Holland Bloorview gives kids with disabilities control of their image

The hospital had its patients play the role of art director in a new stigma-fighting campaign.


When representing people with disabilities, even the most well-intentioned advertising campaign can go astray and perpetuate the very stigma it looks to oppose. Toronto’s Holland Bloorview Kids Rehabilitation Hospital ensured that wouldn’t be the case by giving the children it supports control of its ongoing “Dear Everybody” campaign.

When the campaign’s second iteration launched on Aug. 27, the feeling generated was not one of sympathy or one of admiration for those simply living their lives with disability, as one might find in “inspiration porn” marketing. Rather, audiences were made to see how people with disabilities view themselves – as scholars, inventors, athletes, storytellers and proud moms.

Last year, those featured in the ads played the role of copywriters, helping draft a “Dear Everybody” open letter detailing their experiences with stigma. This year, they took on the role of art directors.

A series of posters was created showing the subjects alongside the word best describing how they view themselves. For example, there’s Jadine, the “storyteller” who dreams of becoming an author and motivational speaker and lives with cerebral palsy. And then there’s Liam, the “scholar” and history buff who aspires to be a history teacher; he lives with autism spectrum disorder.

“It’s about re-framing the context in which we see these people,” says Matt Hassell, chief creative officer at KBS Canada, which led the campaign pro bono. “It’s really bare-bones, basic messaging to hammer home the point around the context of the images.”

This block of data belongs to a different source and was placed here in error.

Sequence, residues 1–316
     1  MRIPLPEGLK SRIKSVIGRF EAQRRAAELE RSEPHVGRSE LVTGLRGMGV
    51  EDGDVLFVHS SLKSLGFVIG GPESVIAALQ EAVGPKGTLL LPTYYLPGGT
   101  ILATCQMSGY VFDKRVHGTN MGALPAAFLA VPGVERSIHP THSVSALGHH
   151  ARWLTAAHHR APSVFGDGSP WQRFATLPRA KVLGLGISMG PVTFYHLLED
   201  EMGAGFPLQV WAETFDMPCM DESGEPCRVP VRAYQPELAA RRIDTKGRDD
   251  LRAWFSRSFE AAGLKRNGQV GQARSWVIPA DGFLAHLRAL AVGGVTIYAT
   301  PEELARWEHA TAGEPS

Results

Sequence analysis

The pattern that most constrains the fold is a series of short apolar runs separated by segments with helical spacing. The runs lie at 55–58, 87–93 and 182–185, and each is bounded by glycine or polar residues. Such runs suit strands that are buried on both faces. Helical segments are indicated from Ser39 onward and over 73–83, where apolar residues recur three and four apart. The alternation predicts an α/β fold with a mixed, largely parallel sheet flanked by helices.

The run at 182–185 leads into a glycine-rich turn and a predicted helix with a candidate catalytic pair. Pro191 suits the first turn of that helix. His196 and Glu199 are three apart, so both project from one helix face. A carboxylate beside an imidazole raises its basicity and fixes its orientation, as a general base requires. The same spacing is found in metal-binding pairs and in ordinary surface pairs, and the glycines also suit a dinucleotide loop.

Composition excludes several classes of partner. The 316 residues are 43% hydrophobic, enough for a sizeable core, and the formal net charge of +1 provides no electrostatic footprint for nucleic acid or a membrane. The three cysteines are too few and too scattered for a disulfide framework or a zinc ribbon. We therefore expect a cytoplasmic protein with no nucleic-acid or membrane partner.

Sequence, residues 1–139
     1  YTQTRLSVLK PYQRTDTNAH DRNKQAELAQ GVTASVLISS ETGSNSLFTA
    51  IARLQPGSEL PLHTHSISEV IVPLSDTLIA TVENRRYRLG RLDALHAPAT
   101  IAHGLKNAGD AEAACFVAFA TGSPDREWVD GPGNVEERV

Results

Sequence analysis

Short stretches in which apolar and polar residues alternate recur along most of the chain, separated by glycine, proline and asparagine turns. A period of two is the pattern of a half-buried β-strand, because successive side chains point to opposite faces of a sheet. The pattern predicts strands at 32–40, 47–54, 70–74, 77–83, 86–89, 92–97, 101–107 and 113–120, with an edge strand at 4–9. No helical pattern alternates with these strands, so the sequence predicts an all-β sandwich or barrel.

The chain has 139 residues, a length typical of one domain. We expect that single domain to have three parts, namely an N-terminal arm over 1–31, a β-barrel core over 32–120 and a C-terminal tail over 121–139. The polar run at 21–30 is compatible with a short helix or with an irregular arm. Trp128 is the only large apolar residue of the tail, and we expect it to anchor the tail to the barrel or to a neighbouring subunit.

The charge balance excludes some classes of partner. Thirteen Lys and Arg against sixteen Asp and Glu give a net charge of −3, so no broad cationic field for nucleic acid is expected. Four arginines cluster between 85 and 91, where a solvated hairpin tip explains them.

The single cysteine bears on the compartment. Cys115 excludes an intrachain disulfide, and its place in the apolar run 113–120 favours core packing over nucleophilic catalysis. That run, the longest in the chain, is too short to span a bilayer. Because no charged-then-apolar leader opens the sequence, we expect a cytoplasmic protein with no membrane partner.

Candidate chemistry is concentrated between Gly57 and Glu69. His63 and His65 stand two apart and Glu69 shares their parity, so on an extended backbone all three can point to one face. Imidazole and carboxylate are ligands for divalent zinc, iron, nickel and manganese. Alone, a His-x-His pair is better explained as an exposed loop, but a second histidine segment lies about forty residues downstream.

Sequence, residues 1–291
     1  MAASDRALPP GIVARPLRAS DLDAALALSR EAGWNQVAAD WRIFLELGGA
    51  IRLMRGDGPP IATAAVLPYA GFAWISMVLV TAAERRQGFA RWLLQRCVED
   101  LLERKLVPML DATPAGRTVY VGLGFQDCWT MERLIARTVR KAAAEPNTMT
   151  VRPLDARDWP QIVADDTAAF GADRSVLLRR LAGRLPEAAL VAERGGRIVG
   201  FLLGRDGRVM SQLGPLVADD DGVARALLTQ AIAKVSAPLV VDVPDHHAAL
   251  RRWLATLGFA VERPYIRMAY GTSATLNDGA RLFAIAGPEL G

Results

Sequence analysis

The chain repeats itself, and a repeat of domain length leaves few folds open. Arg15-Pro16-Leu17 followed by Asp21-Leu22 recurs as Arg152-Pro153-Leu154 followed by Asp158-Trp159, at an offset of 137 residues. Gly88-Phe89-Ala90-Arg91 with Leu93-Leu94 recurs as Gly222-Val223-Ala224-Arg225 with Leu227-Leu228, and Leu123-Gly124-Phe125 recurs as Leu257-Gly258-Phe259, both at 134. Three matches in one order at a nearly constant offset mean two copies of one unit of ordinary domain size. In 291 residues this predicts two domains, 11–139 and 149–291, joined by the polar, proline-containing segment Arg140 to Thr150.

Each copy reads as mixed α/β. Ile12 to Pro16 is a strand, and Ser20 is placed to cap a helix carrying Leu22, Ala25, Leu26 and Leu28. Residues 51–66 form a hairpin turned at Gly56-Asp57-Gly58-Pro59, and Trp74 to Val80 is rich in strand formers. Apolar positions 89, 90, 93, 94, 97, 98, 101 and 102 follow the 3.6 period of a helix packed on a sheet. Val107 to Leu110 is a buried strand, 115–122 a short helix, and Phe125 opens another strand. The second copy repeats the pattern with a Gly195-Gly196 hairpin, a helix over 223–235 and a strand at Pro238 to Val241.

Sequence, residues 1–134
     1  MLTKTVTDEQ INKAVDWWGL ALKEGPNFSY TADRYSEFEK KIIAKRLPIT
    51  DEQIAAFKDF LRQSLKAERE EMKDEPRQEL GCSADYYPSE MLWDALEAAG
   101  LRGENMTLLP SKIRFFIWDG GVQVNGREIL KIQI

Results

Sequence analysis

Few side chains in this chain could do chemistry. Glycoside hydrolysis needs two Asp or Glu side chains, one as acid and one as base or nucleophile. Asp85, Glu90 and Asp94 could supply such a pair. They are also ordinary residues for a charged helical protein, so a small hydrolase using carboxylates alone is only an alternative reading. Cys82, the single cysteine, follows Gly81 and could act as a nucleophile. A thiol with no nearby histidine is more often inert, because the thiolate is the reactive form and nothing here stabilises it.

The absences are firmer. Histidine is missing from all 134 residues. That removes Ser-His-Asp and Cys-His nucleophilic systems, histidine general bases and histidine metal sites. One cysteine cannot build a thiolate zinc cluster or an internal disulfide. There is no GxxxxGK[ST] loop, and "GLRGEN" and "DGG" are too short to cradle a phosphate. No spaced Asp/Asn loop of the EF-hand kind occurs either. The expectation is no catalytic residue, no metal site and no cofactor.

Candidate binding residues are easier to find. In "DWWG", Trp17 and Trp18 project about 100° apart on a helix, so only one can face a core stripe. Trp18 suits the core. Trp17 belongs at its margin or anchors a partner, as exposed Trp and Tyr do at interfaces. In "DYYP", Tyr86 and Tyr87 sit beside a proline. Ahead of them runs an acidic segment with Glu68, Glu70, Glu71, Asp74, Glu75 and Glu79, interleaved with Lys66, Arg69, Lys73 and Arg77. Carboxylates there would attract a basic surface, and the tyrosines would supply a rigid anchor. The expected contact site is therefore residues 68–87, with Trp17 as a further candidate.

The most important thing was ensuring that “the children are not objects in the campaign; they’re actually creators of the campaign,” adds Sandra Hawken, president and CEO at Holland Bloorview Kids Rehabilitation Hospital Foundation.

“By putting kids in control of their images and the words that portray them, not only was it the truest representation of what they experience in terms of disabilities, but it was us taking a stand against that style of advertising.”

The decision to involve the children in the campaign development goes back to the hospital’s mandate of always consulting its patients and their families, adds Hawken.

While working alongside child art directors was “rewarding” in its own right, it wasn’t necessarily always easy having a “third creative partner” at the table, says Hassell. Like most creatives, those who helped shape this campaign had “pretty strong opinions” at times. But that made the creative development challenging in all the right ways, and it led to work that’s fundamentally more truthful, he says.


“Dear Everybody” was launched with a pop-up at Toronto’s Eaton Centre that featured blow-ups of the posters and involved having volunteers engage with passersby on the issue.

Hawken says it was important to engage with parents and teachers as children prepare to head back to school, although the effort is year-long and is meant to be integrated into the organization’s ongoing fundraising efforts.

“Dear Everybody” is rolling out across TV, radio, print, digital and out-of-home. Aber Group oversaw an online ad buy and additional media was donated by partners that include Rogers Media, Boom 97.3, the Toronto Eaton Centre, Toronto Life, Adapt Media, NewAd, Branded Cities and IMA Outdoor. SpPr led on public relations.